Tuesday, 5 January 2010

Three Kings' Eve

In present-day England, Twelfth Night passes without much interest, but in mediaeval times the master and servants in the household traditionally swapped roles, with the lowest of the servants becoming king for a day, and vice versa - a reversal of roles which forms the basis of Shakespeare's play of that name.

In Czech, the comedy is called 'Večer tříkrálový' or Three Kings' Night, and over here a similar tradition is still enacted in the days leading up to 6 January, with children dressing up as the three kings and collecting money for charity.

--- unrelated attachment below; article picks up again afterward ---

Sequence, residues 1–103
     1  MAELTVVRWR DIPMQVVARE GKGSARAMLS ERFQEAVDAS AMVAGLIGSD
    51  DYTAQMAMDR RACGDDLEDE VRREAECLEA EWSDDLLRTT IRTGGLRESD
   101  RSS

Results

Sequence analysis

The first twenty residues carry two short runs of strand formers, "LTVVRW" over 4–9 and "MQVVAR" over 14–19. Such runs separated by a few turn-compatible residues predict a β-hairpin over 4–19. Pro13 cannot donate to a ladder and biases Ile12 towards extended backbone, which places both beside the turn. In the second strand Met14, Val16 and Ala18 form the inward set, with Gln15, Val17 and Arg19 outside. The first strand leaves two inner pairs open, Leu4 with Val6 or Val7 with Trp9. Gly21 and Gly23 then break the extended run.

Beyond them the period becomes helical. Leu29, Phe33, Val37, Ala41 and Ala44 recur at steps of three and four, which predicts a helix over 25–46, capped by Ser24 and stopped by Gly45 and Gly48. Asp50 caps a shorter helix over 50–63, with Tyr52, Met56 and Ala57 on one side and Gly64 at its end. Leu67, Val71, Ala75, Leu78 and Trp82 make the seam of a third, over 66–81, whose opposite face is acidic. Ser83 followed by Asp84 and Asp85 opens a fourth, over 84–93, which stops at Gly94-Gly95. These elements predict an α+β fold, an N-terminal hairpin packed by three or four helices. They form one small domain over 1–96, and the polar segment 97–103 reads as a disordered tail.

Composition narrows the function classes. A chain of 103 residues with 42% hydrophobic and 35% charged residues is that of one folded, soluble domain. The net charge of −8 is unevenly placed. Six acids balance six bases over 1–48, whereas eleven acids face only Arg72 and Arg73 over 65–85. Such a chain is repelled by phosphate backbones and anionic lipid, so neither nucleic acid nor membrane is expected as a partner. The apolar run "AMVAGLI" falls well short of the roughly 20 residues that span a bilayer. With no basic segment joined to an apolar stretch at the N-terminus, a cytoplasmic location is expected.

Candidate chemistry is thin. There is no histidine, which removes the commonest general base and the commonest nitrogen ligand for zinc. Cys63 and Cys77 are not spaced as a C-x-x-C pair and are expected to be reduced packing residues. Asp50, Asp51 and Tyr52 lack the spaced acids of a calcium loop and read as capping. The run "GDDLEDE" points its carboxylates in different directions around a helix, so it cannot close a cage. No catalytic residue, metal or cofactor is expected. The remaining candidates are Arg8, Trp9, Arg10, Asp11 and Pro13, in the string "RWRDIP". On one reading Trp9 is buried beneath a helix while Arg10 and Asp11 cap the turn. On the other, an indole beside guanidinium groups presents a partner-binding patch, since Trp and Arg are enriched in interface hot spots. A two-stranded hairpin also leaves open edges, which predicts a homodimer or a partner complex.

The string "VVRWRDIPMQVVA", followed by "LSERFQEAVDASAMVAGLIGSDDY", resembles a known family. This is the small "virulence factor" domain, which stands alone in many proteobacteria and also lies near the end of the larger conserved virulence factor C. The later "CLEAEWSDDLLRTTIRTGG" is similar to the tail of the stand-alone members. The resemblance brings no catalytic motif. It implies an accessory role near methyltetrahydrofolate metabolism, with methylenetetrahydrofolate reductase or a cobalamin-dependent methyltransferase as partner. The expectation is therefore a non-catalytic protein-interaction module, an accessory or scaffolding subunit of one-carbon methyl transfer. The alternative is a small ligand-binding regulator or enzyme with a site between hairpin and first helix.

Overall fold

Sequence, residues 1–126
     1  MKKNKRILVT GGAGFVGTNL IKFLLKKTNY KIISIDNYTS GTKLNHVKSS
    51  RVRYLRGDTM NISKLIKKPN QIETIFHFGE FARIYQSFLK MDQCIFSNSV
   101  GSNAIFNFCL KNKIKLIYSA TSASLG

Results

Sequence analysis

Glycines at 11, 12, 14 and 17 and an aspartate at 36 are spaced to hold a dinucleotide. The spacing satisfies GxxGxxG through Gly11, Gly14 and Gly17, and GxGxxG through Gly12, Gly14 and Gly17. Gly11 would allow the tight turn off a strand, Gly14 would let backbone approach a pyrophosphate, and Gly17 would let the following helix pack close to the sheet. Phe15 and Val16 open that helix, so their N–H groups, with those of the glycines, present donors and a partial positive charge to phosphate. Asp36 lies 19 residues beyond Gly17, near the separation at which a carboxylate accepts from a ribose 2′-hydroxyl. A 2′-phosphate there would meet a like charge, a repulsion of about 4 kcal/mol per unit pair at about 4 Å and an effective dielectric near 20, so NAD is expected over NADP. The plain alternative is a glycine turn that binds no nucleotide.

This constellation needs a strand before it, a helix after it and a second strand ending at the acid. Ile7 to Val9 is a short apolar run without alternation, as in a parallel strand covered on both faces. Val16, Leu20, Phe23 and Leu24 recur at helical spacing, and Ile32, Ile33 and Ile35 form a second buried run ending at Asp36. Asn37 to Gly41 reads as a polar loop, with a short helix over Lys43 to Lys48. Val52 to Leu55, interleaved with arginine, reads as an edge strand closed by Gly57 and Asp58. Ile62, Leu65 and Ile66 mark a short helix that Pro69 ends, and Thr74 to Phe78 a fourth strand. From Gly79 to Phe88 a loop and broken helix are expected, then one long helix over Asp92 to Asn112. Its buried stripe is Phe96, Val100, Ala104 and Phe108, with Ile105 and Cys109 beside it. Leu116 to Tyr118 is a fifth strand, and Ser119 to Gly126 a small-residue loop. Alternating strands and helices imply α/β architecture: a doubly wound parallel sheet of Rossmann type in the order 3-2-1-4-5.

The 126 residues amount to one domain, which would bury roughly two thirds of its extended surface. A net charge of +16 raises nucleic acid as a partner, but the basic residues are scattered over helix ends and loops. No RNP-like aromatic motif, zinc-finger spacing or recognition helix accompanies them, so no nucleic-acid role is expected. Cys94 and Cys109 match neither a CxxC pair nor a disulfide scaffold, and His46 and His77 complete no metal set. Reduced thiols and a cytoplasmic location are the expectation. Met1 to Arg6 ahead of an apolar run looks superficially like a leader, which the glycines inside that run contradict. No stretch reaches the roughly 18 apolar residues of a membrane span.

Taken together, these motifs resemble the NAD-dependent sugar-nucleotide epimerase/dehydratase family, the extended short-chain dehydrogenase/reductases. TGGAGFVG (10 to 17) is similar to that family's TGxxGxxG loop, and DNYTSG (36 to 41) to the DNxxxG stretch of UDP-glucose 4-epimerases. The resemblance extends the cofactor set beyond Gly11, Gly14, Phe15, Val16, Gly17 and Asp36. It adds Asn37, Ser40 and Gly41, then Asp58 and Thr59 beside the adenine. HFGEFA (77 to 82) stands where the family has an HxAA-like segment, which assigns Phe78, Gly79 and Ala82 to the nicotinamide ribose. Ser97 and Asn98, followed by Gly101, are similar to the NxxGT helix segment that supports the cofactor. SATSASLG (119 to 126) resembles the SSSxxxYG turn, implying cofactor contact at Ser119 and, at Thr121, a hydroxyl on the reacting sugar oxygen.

Front doors are daubed with the names of the magi: K+M+B (Kašpar, Melichar and Baltazar); and, as you can see, the characters even find their way on to the bonnets of parked cars. Tomorrow I'll say a little more about this interesting custom. What has happened to Baltazar? Well, he wouldn't fit on, so the next car along was decorated with his portrait. Here he is - looking rather the worse for wear - too much slivovice, I'll be bound...


Jilly said...

This is great fun and a most original way to show us the tradition.

Julie said...


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